For this example we will use an element edge length of 5mm. Mesh the frame Preprocessor > Meshing > Mesh > Areas > Free > click 'Pick All' Solution Phase: Assigning Loads and Solving 1.3 9. .. 10.ii.0 2. Set Solution Controls Solution > Analysis Type > Sol'n Controls The following window will pop up. Poisson's Ratio PRXY: 0.. Define Analysis Type Solution > Analysis Type > New Analysis > Static ANTYPE. Define Mesh Size Preprocessor > Meshing > Size Cntrls > ManualSize > Areas > All Areas.

of substeps to 20. Apply Loads Solution > Define Loads > Apply > Pressure > On Lines Apply a pressure of -100 N/mm^2 The applied loads and constraints should now appear as shown in the figure below. .A) Set Time at end of loadstep to 1 and Automatic time stepping to ON B) Set Number of substeps to 20. C) Set the Frequency to Write every substep 3. of substeps to 100. Min no. Max no. Apply Constraints Solution > Define Loads > Apply > Structural > Displacement > On Lines Fix the left side of the area (ie all DOF constrained) 4.

Plot Equivalent Stress General Postproc > Plot Results > Contour Plot > Element Solu In the window that pops up. Solve the System Solution > Solve > Current LS SOLVE Postprocessing: Viewing the Results 1. select Stress > von Mises SEQV . Read in the Last Data Set General Postproc > Read Results > Last Set 2.5.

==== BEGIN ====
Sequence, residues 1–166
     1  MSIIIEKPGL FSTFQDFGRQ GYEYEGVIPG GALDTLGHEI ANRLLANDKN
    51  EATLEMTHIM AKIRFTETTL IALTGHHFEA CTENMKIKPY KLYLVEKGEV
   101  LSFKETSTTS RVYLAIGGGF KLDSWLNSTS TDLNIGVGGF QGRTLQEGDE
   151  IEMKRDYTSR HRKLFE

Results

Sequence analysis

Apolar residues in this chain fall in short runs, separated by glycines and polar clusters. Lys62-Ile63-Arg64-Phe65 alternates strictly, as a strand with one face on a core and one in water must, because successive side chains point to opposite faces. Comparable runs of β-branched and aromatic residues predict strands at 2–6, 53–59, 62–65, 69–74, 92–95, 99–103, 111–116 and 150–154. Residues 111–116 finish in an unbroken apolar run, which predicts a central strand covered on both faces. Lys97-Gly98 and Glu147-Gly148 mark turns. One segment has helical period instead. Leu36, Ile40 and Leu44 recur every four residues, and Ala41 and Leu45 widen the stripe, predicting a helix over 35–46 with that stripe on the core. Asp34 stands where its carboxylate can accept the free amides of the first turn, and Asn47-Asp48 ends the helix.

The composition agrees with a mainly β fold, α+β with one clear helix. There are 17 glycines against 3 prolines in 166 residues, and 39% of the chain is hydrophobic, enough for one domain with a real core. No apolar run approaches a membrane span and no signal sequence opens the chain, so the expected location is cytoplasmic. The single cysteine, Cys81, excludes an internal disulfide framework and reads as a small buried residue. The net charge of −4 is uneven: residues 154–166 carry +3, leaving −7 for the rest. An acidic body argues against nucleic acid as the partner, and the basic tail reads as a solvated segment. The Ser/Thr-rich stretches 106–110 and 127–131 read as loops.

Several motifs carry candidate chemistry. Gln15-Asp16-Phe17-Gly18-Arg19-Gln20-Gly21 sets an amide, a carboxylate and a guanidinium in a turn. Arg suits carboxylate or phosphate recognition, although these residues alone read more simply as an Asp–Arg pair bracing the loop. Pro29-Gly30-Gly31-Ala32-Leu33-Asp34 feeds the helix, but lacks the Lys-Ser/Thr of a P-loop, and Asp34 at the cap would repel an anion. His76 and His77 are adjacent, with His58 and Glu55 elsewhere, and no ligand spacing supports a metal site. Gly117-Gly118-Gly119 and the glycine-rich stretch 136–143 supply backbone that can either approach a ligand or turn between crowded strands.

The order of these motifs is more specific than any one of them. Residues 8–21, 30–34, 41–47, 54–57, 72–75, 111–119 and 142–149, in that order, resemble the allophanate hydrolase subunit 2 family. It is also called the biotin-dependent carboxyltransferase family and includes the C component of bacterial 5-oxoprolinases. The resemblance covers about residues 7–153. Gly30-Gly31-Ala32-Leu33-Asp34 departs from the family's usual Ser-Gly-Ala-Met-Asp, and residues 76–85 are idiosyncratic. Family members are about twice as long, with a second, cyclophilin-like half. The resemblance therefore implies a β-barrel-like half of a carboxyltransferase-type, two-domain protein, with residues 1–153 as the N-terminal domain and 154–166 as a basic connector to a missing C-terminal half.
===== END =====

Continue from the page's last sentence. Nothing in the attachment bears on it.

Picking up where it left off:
The following stress distribution should appear. .

3. Plot p-Levels General Postproc > Plot Results > p-Method > p-Levels The following distribution should appear. .

and one with a mesh 5 times finer are shown below. As a comparison. For more complex geometries. This allowed the elements to more accurately model the stress distribution through that area. .Note how the order of the polynomial increased in the area with the greatest range in stress. these orders may go as high as 8. a plot of the stress distribution for a normal h-element (PLANE2) model using the same mesh.

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and still get reasonable results. the mesh density had to be increased by 5 times to get the accuracy that the p-elements delivered. Now go to 'File > Read input from. You can use a mesh that is relatively coarse.As one can see from the two plots. This is the benefit of using p-elements. This problem has also been solved using the ANSYS command language interface that you may want to browse...HTML version. A . However. . Command File Mode of Solution The above example was solved using a mixture of the Graphical User Interface (or GUI) and the command language interface of ANSYS. thus computational time will be low. copy and paste the code into Notepad or a similar text editor and save it to your computer. care should be taken using p-elements as they can sometimes give poor results or take a long time to converge.PDF version is also available for printing.' and select the file. Open the .